The pivotal figure is George, a teenage student with a secret crush on another boy. As George (a pensive Kramer Kwalick) tries to conceal his secret, his parents (Dylan Arredondo and Toni Rae Salmi) plan to conceal or destroy their belongings to avoid being charged as suspected subversives.
Hamashima’s connections are intriguing, but it’s hard to tell whether the vague sensation that muffles director Kathryn Chase Bryer’s production is due to details that still need to be written in or a show that never hits a convincing stylistic stride. The script tells us what’s happening in the world, but the dreadful facts of looming internment are understated, even with a sinister, vulgar white character invading the home. Certain interactions are touching as the family faces pressures to sacrifice and blend in, but the relationships aren’t developed enough to grow deep.
The magical cartoonish-surreal quality wobbles, too. The buzzards stalking the household ought to inspire a shiver of dread, but the actors in capes and giant bird masks feel terribly earthbound and on-the-nose as predatory symbols of bigotry. An American policeman with a Keystone Kops mustache comes across as a punchless caricature, the earnest “issei” (first-generation immigrant) parents are blandly rendered, and the intended evocation of a culture under siege doesn’t come into sharp focus.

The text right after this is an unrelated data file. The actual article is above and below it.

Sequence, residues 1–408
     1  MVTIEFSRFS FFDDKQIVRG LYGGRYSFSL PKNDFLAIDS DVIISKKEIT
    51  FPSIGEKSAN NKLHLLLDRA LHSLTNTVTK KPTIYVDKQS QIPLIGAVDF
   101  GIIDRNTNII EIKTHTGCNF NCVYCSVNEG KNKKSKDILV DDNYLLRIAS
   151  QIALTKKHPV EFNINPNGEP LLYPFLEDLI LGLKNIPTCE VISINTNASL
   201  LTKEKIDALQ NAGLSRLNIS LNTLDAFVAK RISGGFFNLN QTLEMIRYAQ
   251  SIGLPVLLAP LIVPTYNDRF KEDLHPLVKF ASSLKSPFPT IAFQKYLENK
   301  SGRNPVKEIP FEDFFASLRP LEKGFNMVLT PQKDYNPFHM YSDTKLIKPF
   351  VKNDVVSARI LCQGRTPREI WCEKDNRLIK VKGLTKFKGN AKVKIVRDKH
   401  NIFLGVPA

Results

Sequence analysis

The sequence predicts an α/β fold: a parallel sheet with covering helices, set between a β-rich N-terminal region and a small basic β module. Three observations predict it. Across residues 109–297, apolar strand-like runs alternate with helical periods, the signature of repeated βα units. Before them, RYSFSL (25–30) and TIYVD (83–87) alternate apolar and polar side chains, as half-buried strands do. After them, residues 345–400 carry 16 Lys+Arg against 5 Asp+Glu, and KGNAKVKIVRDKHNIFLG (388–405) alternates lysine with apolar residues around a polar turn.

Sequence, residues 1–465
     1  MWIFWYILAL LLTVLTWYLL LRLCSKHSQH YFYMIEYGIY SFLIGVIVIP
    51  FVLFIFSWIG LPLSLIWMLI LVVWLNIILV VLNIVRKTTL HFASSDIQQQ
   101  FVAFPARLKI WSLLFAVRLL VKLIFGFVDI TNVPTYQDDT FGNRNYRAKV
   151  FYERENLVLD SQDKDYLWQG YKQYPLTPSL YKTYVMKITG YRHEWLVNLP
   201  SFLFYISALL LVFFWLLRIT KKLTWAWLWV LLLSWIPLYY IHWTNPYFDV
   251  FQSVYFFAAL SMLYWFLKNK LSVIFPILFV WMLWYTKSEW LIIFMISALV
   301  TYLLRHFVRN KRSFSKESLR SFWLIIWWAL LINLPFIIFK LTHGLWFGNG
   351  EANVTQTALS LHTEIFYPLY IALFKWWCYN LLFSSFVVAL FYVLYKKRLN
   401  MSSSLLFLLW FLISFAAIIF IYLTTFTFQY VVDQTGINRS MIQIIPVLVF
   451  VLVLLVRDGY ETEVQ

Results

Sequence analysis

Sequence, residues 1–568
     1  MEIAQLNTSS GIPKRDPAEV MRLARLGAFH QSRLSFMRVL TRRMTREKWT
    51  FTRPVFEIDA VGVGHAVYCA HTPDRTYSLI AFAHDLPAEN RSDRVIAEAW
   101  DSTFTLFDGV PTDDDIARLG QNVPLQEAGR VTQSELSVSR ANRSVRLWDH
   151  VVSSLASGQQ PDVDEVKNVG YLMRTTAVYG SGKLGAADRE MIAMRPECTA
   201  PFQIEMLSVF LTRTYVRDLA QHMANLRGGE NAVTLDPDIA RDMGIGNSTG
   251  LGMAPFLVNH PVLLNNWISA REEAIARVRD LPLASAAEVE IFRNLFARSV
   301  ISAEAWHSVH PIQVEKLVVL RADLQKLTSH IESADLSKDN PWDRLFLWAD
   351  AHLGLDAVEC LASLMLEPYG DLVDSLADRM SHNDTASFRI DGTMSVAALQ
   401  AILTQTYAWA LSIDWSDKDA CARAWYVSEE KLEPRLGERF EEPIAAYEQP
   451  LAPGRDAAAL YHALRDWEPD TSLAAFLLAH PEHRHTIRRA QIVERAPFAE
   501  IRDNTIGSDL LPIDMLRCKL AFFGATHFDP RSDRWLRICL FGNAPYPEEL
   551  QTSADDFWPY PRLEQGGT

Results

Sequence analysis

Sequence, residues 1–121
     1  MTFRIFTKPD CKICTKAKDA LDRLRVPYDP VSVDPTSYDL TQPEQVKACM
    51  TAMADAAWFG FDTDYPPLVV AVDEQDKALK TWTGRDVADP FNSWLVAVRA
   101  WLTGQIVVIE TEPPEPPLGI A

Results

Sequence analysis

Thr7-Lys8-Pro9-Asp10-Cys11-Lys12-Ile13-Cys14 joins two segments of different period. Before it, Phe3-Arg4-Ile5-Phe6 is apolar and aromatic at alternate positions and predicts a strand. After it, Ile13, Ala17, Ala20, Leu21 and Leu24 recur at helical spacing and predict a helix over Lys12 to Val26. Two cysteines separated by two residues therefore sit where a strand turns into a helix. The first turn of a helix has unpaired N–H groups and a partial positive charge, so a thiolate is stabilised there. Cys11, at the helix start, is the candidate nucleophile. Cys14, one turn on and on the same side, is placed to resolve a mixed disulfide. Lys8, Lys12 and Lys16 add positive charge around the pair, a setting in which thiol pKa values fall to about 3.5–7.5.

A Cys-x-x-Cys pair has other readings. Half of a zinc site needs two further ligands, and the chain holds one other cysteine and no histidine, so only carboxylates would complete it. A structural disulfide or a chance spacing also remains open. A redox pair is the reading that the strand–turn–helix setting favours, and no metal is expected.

Hamashima is delving into the kinds of cultural rifts that still simmer in this country. He nearly has his hands on something poignant and horrific, but this composition hasn’t found its balance yet.
American Spies and Other Homegrown Fables, by Sam Hamashima. Directed by Kathryn Chase Bryer. With KyoSin Kang and Carolyn Kashner. Movement director, Catherine Oh; scenic design, JD Madsen; lights, Kristin A. Thompson; sound design, Reid May; costumes, Grace Kang; props, Amy Kellett. About 70 minutes. Through Aug. 4 at NextStop Theatre Company, 269 Sunset Park Dr., Herndon. $32. thehubtheatre.org.